ard starred for the winners, each
caging two baskets, while Kraue
was the big star for Delta Upsilon
with two baskets to his credit also,
King and Croxton, both of Delta
Upsilon, each caged one shot from
the floor.
For excellent quarter final ten-
nis matches have been scheduled
for the indoor all-campus tourna-
ment which will be held at the In-
tramural building on Saturday.
Brace and Richelson, and Gage and
Rollin Clarke have been paired in
the upper bracket, while Sherman
and Robert Clarke and Reindell
and Penn will clash in the lower
bracket. Penn is the co-holder of
the fall doubles championship.
Delta Upsilon defeated Phi Kap-
pa in the finals of the Inter-frater-
nity Bowling tournament thus re-
placing Delta Sigma Delta as
champions. The score: Delta Pp-1
silon 2490, Phi Kappa 2375. Delta
Sigma Phi set a high mark of all
time by hitting the pins for 2575 in
the third round. This has been the
best season of bowling the depart-
ment has ever had with 52 five men
teams actually bowling.
The All-Campus singles and dou-
bles are now gonig on while Inde-
Bad ers to Battle
for Second Honors
(Special to The Dal)
MADISON, Wis., March 6-Whenl
the University of Wisconsin bauket-
ball team takes the floor against
Indiana in the old red varsity gym-
nasium, three of its members -
Captain Harold (Bud) Foster, Carl
Matthuson and Maury Farber-will
be playing their last game for Wis-]
Though the Badgers can finish
no higher than second now, Wis-
consin's supporters find no fault
with the season and are behind the
team, to a man. They will give Fos-
ter, Matty and Farber .a big hand.
in their valedictory game.
At the start of the season, Coach
Meanwel said that if Foster played,
Wisconsin would finish "one, two,
three" and that he would have' a
team which, fdr cleverness, speed,
and ball handling, would be one of
his best ever. The outcome of the
Big Ten race proves that the little
Badger mentor knows his basket-
This week Meanwell is making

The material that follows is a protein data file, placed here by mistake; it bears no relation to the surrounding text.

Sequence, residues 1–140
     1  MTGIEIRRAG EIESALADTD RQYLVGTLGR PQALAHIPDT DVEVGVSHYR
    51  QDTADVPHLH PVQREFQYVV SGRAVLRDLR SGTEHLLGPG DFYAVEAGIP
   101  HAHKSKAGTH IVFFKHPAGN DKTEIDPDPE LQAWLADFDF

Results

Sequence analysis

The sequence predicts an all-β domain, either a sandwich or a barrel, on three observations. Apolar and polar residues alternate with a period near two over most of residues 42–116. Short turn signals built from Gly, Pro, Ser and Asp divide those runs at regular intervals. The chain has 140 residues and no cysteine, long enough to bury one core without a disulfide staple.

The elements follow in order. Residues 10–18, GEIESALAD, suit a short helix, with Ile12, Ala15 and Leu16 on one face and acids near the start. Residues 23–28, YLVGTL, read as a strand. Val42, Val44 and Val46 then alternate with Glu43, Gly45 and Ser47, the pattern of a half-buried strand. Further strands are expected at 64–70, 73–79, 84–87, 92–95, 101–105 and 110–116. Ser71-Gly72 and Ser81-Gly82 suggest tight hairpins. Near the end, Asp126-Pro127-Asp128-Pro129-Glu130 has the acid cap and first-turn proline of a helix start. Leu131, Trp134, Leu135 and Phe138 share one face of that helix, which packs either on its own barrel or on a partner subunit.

his final 1930 effort-to put the
Badgers On the floor in the well-
known "pink" for one more game.
Wisconsin must defeat the Hoosiers
Saturday night to be assured of an
undivided second place for the sea-
son. It has t'aken all of the little
doctor's well known skill in hand-
s i d atin driionina nen to en-

pendent and class teams will roll Conference title will have the se-
next- ,.week. Any non-fraternity verest test of their last match of'
man can get up a five-man inde- the season against Chicago, also
pendent team. undefeated and headed for thel
championship, Saturday morning
INTRAMURAL MANAGERS. in the Intramural building.
SThe Intramural Department has IChicago will enter the meet the
a very efficient corps of student decided favorites despite the fact
managers who help to keep all thet that Michigan has not been defeat-
activities under way.h ed this year. The Maroons defeated
Senior Managers: nythe present Conference champions,
Joe Arsulowicz of Grand Rapids,Illinois, 10 to 7 while the Wolver-
has been personally in charge of ines barely nosed out a one point
aall the pbowling. victory against the Indians.
Milton Klivans of Youngstown, Chicago's greatest strength lies
Ohio, has handled speedball and in its foilsmen who have overcome
volleyball tournaments. all competition so far this season.
Junio Manaers:On the other hand, Michigan has
KeithBennett of Kalamazoo is i also displayed a superiority in the
direct charge of activities in bas- , foils in all of the matches so far
ketball and swimming. this year. It is also interesting that
To Prond of Ypianti ha the weakest spots in both of the
Tom Prouse of Ypsilanti handles teams is the epee, in which wea-r
hockey and the tests for Sig a pon they were both defeated by Il-
Delta Psi, national honorary ath- li. .